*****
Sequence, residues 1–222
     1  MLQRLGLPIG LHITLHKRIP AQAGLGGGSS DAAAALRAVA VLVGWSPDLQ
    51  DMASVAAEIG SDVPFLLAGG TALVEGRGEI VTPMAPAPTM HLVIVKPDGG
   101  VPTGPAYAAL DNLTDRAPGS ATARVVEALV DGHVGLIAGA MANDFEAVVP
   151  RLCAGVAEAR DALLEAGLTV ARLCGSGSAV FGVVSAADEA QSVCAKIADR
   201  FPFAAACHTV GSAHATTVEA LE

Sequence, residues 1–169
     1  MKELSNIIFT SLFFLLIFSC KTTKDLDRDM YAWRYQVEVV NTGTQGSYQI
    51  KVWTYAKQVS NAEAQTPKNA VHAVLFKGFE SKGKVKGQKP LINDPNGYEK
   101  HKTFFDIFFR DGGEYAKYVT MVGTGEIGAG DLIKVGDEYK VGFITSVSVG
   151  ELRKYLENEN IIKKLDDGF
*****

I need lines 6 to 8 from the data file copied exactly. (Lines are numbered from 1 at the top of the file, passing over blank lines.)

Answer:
   201  FPFAAACHTV GSAHATTVEA LE

Sequence, residues 1–169
     1  MKELSNIIFT SLFFLLIFSC KTTKDLDRDM YAWRYQVEVV NTGTQGSYQI